‘In Georgian times anyone could come here and join the royal court as long as they were wearing the right clothes’ says Alison, our City Wonders tour guide. But the outfits on display barely qualify as clothes. I think they’re best described as expensive constructions:
We’re at London’s Kensington Palace, purchased by King William and Queen Mary for £20,000 in 1689. Alison explains that at that time Kensington was a country village and the royal couple moved there because William was asthmatic and they needed to escape the polluted air of central London. Kensington today is one of London’s wealthiest and busiest areas and is home to some of the capital’s top museums – it’s hard to imagine it as a village.
We meet Alison by the statue of Queen Victoria at the front of the palace in beautiful Kensington Gardens. We’re in a small group with just our family of four and a couple from the USA and we’re each given headphones and an audio device so that we can hear Alison. We can actually hear what she’s saying very easily so I soon turn my device off.
Diana, Princess of Wales
Before we go inside we walk around to the golden gates at the side of the building. These gates were the backdrop to the vast carpet of flowers people left here when Diana, Princess of Wales died in 1997 – Alison pulls an A4 size photo out of her bag to show us what that vast floral tribute looked like.
I like going around the palace with Alison because she tells us things which you wouldn’t find in a guidebook and draws parallels between the past with the present which I wouldn’t necessarily have noticed. For example she talks about the symbolism of fans at the Georgian court and then how our present queen uses her handbag to signal to her servants when she’s ready to go or move on.
The palace has some grand and beautiful rooms and furnishings yet it feels current and alive: perhaps that’s because generations of royals have grown up here. This was Queen Victoria’s birthplace and childhood home and you can see the dolls house she played with as a child. The palace is still the home of royals today. Baby Prince George moved in last year with his parents William and Kate and his uncle Prince Harry also has an apartment at the palace. Alison says there’s a nightclub Prince Harry likes nearby which anyone can go to as long as the doormen like the look of them – it sounds a bit like the royal court in Georgian times.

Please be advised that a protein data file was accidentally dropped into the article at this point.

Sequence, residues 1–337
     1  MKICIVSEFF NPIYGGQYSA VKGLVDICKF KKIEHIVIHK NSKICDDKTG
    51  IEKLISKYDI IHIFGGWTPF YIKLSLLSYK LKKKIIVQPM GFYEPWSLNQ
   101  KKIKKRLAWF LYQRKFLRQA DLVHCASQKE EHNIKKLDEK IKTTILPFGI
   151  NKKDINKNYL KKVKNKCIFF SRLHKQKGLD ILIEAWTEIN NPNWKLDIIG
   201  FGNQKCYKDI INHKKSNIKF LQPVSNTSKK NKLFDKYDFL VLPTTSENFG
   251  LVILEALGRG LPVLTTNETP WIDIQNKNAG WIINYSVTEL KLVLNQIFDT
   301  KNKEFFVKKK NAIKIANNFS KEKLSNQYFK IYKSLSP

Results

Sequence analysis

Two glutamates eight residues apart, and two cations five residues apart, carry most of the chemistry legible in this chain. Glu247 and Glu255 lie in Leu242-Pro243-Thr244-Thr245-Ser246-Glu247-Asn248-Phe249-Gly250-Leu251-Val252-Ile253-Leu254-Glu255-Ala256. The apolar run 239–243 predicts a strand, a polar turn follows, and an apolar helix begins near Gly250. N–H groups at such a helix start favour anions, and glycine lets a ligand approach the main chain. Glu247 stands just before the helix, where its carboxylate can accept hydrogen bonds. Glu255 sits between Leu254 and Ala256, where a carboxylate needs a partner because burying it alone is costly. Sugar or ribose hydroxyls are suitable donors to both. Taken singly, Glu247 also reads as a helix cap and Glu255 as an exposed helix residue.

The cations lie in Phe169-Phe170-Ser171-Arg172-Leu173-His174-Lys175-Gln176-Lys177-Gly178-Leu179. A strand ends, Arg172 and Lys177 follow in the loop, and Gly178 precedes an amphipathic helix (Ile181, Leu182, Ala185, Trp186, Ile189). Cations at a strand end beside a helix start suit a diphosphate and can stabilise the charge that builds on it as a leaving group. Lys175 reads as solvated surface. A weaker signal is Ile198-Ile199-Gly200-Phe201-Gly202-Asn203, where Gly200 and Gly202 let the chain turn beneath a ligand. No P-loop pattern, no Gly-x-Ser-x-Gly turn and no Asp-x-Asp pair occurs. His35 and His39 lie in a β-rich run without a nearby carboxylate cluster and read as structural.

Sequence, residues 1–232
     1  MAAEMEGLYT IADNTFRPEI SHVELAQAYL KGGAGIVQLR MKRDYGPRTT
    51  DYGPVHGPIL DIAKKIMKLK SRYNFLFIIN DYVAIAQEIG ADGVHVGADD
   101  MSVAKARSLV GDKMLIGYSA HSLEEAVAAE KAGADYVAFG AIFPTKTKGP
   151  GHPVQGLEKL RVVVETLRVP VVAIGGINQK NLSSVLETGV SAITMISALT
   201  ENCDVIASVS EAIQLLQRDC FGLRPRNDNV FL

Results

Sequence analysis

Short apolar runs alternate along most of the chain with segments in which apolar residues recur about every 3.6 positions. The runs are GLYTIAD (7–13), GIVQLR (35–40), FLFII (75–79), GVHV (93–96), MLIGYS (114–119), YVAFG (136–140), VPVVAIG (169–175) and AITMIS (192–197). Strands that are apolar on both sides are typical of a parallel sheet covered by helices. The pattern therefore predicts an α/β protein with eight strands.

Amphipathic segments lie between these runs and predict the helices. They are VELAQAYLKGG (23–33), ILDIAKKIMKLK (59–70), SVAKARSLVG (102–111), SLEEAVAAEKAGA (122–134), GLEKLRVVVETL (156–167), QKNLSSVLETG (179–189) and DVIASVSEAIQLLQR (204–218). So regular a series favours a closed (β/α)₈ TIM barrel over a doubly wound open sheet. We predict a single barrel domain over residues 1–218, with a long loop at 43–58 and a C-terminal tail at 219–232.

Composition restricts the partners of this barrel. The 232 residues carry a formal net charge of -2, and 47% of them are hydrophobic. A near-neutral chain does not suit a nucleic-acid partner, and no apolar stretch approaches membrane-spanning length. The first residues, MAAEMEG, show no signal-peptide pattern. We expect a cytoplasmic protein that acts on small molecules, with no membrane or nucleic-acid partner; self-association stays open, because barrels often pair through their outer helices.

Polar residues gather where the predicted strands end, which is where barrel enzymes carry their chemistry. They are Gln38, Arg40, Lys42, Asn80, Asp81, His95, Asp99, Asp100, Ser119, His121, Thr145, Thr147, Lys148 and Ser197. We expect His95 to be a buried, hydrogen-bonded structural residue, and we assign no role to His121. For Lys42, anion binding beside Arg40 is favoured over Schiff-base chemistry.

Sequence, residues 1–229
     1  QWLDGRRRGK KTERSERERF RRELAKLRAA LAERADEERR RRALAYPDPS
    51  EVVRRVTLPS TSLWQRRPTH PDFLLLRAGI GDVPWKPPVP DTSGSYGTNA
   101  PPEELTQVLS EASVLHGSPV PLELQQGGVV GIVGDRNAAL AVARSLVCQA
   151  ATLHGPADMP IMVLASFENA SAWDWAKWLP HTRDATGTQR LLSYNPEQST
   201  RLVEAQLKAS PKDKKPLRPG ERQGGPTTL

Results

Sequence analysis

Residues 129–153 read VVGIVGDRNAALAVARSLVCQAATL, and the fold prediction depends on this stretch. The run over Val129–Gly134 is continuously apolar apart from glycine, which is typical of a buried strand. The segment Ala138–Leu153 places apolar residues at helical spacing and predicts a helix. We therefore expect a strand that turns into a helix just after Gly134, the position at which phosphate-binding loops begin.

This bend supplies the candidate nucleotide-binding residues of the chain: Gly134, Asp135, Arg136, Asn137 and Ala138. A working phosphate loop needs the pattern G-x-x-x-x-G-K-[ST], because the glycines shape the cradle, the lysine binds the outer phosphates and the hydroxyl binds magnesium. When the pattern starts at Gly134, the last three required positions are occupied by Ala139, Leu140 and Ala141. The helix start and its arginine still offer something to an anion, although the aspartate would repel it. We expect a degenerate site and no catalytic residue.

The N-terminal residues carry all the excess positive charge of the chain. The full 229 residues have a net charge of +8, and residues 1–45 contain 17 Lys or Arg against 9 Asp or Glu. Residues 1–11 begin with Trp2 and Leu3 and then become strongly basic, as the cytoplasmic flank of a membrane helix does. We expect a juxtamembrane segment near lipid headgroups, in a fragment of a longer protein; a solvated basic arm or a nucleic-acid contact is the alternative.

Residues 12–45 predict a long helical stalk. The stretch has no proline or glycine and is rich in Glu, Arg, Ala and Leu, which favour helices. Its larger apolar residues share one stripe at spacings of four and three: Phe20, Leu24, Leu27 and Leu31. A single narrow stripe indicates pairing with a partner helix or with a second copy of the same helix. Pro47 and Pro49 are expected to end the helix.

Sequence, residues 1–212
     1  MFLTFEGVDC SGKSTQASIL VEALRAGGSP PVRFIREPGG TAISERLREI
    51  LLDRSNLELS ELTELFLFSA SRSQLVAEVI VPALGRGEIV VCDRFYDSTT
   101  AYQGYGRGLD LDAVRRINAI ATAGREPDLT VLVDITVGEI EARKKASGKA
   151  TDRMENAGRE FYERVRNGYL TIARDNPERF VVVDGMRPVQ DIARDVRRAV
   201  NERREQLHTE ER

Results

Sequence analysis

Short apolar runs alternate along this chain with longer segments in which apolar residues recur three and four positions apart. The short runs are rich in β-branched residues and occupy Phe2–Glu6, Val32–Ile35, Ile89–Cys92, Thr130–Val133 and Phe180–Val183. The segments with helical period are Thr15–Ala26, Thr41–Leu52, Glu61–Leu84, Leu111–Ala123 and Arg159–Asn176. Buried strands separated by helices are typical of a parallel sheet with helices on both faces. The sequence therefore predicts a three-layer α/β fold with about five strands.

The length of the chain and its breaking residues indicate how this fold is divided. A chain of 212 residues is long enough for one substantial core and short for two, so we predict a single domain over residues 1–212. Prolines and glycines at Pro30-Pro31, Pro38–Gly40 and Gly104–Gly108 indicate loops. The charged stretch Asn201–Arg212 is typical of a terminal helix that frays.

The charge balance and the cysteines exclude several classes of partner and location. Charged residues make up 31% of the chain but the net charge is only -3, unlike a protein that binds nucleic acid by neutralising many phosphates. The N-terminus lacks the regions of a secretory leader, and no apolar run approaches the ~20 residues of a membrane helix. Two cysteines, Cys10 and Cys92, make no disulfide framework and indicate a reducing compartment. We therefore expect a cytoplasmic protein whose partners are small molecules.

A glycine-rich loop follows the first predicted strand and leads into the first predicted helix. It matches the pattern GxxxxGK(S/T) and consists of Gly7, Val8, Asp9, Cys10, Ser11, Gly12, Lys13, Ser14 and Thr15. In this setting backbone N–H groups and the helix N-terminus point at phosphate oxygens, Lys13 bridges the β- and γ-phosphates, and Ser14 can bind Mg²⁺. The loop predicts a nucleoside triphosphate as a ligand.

My teenage daughter and I enjoy looking at the clothes on display. I love the rooms with a selection of gorgeous outfits worn by either by the Queen, Princess Margaret or Diana across the decades but my favourite is Queen Victoria’s wedding dress:
Once we’ve looked around the palace we walk through Kensington Gardens and over the road to the Baglioni Hotel for the final part of the tour: afternoon tea. The Baglioni is part of an Italian luxury hotel group and the interior is all velvet upholstered seats, ornate chandeliers and white table linen. Afternoon tea is some delicate sandwiches, tasty cakes and scones with jam, cream and, shockingly, Nutella. (I know many people like Nutella but it really shouldn’t be allowed anywhere near afternoon tea).
My husband and I enjoyed the afternoon but the youngest (11) was not so keen. Our daughter (15) liked the palace and our guide but says she’d prefer to go and look around by ourselves. I don’t think I’d go on a tour like this again with the children but I would consider it without them.
Family travel lowdown
Thank you to City Wonders for arranging our tour. We experienced the Skip the Line Kensington Palace Tour & Afternoon Tea which costs from £65 per adult and £60 per child inclusive.
If you’d like to go to Kensington Palace without a guide then entrance costs from £15.40 per adult if booked online, under-16s are free and afternoon tea at the Baglioni Hotel costs from £27 per person. You can also have afternoon tea at The Orangery restaurant at Kensington Palace.
What do you think?
If you’ve ever been on a guided tour with your children how did it work out for you? Do you have any tips or advice for visiting historical places with kids?